(out of 5)
Disturbing, dramatically intense film about a fifteen year-old boy whose entire world leaves him prey to destruction in a very short period of time. After an accident on the Long Island Expressway takes his mother, young Howie Blitzer (Paul Dano) is further upset by his father taking up a sexual affair with a new young woman. Howie spends his days causing mayhem with his best friend (Billy Kay), not knowing that his friend earns money turning tricks on the side of the highway. After a robbery prank gets them in trouble with a pillar of the community (Brian Cox), Dano finds himself beholden to this older gentlemen who turns out to have a sexually prurient interest in young boys. With his shady building contractor father suddenly in trouble with the law, however, it’s scary to discover that Cox’s interest in the boy, both sexual and protective, turns out to be his best chance for survival. Michael Cuesta’s film debut crosses the lines of comfort at many junctures but never taste; the time bomb nature of budding male sexuality is explored while the audience is as implicated in the objectification of these boys as Cox’s character is, but I would not go so far as to call it exploitative. Many viewers will be made uncomfortable with the lack of sensationalism with which paedophilia is portrayed, but what is really being explored here is the uncommon boundary that can be crossed when looking for shelter from a very hostile world. The acting is superb, particularly by a very young, debuting Dano, while Cox does an incredible job of making his character neither sinner nor saint. Even a melodramatic finale, which smacks of moral righteousness, fails to ruin the powerful effect.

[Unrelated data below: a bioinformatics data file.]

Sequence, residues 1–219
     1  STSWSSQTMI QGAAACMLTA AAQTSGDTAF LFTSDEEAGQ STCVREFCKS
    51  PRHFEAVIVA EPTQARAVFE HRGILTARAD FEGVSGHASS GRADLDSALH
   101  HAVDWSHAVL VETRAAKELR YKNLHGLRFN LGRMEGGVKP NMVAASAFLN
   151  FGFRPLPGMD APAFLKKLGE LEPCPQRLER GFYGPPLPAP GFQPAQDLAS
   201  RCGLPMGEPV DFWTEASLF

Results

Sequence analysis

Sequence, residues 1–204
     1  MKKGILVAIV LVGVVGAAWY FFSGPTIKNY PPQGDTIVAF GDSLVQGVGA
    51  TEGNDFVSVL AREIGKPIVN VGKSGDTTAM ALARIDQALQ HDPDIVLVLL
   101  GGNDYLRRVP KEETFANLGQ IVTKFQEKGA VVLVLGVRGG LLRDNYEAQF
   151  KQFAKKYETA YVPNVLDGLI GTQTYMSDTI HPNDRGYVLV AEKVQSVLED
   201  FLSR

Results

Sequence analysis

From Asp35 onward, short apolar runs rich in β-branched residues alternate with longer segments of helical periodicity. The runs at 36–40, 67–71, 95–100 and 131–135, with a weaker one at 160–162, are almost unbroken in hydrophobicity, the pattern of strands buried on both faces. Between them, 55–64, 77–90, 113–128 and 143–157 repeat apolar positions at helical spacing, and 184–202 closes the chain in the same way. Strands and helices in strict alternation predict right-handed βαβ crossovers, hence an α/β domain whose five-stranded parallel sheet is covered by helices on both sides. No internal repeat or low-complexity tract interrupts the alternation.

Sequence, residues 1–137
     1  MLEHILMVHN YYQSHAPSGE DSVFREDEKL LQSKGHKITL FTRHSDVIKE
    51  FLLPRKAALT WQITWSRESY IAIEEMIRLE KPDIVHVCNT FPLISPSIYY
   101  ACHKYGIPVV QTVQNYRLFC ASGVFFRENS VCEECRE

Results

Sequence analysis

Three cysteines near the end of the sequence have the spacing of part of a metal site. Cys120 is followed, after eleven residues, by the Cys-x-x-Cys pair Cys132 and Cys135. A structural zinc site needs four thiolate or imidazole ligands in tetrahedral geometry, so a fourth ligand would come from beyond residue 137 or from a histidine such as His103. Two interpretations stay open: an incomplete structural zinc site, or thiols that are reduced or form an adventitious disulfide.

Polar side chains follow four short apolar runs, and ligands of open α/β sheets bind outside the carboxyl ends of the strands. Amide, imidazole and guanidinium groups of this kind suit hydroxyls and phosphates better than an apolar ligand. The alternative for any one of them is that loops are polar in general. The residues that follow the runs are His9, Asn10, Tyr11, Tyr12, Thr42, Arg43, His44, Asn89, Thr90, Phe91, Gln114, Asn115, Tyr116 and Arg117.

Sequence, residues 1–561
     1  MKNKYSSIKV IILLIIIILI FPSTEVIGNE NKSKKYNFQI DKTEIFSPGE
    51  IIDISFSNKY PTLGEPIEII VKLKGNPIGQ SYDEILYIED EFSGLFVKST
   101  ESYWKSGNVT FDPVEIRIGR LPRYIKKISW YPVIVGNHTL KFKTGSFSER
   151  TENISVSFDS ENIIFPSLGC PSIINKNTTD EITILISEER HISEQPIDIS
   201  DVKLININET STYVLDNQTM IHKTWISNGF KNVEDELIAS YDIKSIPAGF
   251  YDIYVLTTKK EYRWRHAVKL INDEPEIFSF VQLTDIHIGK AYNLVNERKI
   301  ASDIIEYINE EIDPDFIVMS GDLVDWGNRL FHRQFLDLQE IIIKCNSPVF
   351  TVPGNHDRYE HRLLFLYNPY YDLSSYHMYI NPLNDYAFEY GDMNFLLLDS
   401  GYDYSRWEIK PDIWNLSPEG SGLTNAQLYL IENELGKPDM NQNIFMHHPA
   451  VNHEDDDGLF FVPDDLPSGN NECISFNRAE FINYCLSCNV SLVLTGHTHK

Directed by Michael Cuesta
Cinematography by Romeo Tirone
Music by Pierre Foldes
Production Design by Elise Bennett
Costume Design by Danny Glicker